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Responding to Isabel Allende's Of Love and Shadows
Works by Isabel Allende
A Story of Magic Realism
I was quite pleased with Isabel Allende’s Of Love and Shadows because it reads well, has multiple interesting characters, and has a plot in which events of some consequence actually take place. One of the problems I have a much contemporary literature that I’ve read is that so little happens over the span of the book. David Lodge’s Nice Work comes to mind, and while her writing is well-crafted, Welty’s The Optimist’s Daughter, is guilty of some inactivity, too. I was relieved then, that in spite of somewhat uneven pacing, Allende bothers to have a discernible plot in her book and follows through with not only the major events of the book but their repercussions as well ultimately leading to the (self-imposed?) exile at the end.
Of course, what I consider the pacing problem is a bit more complicated. For long stretches, Allende abandons the present action of the novel to explore the past or occasionally the interior monologue of a character. An example of this is when the reader is introduced to the Leal family, and Allende pauses to give a lot of background on every other character, even ones who only play minor roles much later in the novel, like Jose. Also, the action of the novel comes to a halt from pages 26-29 where there is page after page of events that have already taken place in the Leal family history. I know this characterizes them, and I’m not saying there is much bad with her technique. However, the constant stopping like this significantly slows down reading especially in the whole first section where little happens until the end when Francisco and Irene are involved in the militarized police debacle at the Ranquileo house. It’s disconcerting that tension is diffused so much in the novel by these long flights into the past especially in the beginning when the author should work the hardest to keep the action and tension constantly building to draw the reader further into the story.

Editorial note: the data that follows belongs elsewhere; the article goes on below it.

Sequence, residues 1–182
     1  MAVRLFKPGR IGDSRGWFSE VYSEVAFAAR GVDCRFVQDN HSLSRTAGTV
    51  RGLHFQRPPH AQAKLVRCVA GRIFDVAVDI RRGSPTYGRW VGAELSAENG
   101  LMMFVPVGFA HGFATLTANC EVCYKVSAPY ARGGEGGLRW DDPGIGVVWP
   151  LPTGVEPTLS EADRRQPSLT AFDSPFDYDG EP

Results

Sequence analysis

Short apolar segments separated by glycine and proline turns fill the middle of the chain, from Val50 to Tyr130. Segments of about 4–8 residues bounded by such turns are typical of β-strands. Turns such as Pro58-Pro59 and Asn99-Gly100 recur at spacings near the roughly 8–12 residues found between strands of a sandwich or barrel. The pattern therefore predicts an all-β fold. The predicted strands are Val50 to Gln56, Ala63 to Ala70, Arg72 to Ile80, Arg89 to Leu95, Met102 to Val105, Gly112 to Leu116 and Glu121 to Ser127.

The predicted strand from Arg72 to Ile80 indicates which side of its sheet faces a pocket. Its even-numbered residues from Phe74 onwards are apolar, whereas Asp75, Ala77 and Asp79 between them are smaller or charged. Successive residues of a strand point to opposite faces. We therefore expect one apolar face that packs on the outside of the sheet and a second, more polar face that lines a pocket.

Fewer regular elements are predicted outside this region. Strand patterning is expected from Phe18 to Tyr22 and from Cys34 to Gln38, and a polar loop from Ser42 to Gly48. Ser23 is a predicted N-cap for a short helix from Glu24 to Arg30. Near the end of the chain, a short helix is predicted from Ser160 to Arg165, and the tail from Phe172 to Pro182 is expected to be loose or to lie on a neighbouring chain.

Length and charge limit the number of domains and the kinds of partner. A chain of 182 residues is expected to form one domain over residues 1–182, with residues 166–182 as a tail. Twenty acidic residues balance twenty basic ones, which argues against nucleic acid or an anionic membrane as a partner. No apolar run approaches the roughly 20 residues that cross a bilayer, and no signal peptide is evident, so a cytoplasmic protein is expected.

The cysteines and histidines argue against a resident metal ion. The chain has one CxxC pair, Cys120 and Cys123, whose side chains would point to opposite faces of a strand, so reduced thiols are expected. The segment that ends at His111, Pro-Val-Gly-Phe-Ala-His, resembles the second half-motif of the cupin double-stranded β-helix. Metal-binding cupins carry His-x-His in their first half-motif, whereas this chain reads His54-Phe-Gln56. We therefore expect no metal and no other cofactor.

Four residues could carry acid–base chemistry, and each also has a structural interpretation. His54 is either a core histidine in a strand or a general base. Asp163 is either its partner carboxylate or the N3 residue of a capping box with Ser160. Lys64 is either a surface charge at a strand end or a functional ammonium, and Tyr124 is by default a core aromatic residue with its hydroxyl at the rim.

Something else I noticed about Allende’s extended memory scenes is that they seem to violate the command of “show don’t tell.” The reader seems to be told a great many things about the past and present of many characters like Beatriz’s attitude toward her husband, her daughter, her financial situation, Francisco, and the current political climate which are all explored from pages 38 to 43 with hardly an interruption and little chance for subtext. Again, I’m not saying Allende’s choices are necessarily wrong or even bad, but I do want to know how she gets away with it. That would probably be one item worth looking at in-depth: how to reveal a lot of what is often considered expository or background information at one time without violating one of the common rules of story telling.
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© 2009 Seth Tomko